The Eighth U.S. Army Division and the Eighth Republic of Korea Mechanized Infantry Division put on a well orchestrated show of force for the media this week during their joint military training exercises in South Korea. VOA’s Seoul correspondent Brian Padden was there and reports the soldiers were well disciplined both in conducting a complex live fire exercise and in staying on message with the press.
Video

Video Space Program Status Disappoints 'Last Man on the Moon'

One of the films that drew big crowds last week at the annual South by Southwest festival in Austin, Texas, tells the story of the last human being to stand on the moon, U.S. astronaut Eugene Cernan. It has been 42 years since Cernan returned from the moon and he laments that no one else has gone there since. VOA’s Greg Flakus reports.
Video

Video Young Filmmakers Shine Spotlight on Giving Back

A group of student filmmakers from across the United States joined President Barack Obama at the White House this month for the second annual White House Student Film Festival. Fifteen short films were officially selected from more than 1,500 entries by students aged 6 through 18. The filmmakers and their families then joined the president and a group of celebrities for a screening of their films. VOA’s Julie Taboh reports.
Video

Video VOA Exclusive: Interview with Afghan President Ashraf Ghani

Afghan President Ashraf Ghani, during his first visit as president to Washington, gave a one-on-one interview with VOA Afghan Service reporter Said Suleiman Ashna, about his request for a change in U.S. troop levels, the threat from the Islamic State, and repairing relations with the United States and Pakistan. The interview was held at Blair House, late Sunday, in Pashto.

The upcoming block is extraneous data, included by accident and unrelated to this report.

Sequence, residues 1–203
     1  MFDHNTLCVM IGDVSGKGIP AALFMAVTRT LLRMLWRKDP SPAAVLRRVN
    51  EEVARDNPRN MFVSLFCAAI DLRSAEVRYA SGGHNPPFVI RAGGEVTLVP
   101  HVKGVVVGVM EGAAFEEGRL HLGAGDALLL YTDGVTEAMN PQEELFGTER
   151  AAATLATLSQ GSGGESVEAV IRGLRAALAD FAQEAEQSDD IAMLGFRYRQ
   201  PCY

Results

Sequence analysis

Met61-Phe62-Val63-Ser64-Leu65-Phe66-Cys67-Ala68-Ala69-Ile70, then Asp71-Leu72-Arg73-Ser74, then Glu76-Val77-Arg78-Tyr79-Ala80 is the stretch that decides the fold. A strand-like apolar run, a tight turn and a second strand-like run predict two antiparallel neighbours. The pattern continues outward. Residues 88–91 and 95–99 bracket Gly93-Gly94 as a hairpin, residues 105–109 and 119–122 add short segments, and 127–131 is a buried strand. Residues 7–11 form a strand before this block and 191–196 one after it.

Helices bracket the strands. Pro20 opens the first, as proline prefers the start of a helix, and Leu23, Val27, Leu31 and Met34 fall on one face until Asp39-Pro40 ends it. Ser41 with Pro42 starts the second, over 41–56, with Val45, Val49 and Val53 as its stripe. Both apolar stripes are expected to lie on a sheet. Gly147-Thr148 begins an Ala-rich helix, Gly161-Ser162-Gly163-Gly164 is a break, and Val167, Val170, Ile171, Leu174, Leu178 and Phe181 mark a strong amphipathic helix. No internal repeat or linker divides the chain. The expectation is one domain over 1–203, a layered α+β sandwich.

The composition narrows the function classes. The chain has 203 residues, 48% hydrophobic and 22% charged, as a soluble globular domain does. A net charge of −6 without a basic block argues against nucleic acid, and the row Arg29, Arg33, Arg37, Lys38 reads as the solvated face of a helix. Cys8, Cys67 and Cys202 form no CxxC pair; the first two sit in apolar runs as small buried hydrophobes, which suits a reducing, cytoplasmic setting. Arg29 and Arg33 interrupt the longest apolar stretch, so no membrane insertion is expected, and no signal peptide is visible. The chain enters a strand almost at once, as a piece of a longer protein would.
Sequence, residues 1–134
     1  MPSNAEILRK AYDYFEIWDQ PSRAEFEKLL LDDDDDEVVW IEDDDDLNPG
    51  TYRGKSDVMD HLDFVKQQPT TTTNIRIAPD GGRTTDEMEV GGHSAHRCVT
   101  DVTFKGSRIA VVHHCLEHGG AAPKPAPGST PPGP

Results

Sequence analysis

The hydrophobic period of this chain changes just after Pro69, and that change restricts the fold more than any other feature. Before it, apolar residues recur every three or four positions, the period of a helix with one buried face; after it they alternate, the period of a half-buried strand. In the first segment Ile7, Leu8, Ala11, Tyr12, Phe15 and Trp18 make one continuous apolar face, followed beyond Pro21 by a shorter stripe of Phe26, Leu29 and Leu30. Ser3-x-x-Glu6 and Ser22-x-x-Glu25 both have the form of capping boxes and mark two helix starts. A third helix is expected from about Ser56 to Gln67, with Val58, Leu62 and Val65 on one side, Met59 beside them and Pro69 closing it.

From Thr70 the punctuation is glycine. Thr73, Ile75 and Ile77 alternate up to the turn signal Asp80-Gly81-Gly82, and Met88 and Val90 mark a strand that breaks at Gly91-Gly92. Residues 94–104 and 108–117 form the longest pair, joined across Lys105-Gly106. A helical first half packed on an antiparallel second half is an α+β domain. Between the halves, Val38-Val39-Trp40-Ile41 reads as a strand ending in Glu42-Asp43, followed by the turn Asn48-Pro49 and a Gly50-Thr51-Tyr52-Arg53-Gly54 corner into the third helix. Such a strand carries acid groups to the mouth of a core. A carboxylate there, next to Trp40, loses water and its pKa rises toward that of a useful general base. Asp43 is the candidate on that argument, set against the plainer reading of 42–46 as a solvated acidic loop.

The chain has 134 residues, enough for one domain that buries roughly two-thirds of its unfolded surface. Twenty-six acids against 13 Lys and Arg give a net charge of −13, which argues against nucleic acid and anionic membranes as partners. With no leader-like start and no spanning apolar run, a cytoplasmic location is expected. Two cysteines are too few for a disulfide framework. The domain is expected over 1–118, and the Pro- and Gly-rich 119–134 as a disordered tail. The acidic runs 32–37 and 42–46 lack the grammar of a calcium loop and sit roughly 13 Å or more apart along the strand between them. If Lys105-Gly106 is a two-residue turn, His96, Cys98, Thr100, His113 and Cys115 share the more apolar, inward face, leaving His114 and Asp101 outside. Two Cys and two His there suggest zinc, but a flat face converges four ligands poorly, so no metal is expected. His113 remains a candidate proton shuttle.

Video

Video California Science Center Tells Story of Dead Sea Scrolls

The ancient manuscripts were uncovered in the mid-20th century, and they are still yielding clues about life and religious beliefs in ancient Israel. As VOA's Mike O'Sullivan reports, an exhibit in Los Angeles shows how modern science is bringing the history of these ancient documents to life.
Video

Video Angelina Jolie Takes Another Bold Step

Hollywood actress and filmmaker Angelina Jolie has revealed she had her ovaries and fallopian tubes removed to lower her odds of getting cancer. Doctors say the huge publicity over her decision will help raise awareness about the importance of cancer screening. VOA’s George Putic has more

All About America

Circumventing Censorship

An Internet Primer for Healthy Web Habits

As surveillance and censoring technologies advance, so, too, do new tools for your computer or mobile device that help protect your privacy and break through Internet censorship.
More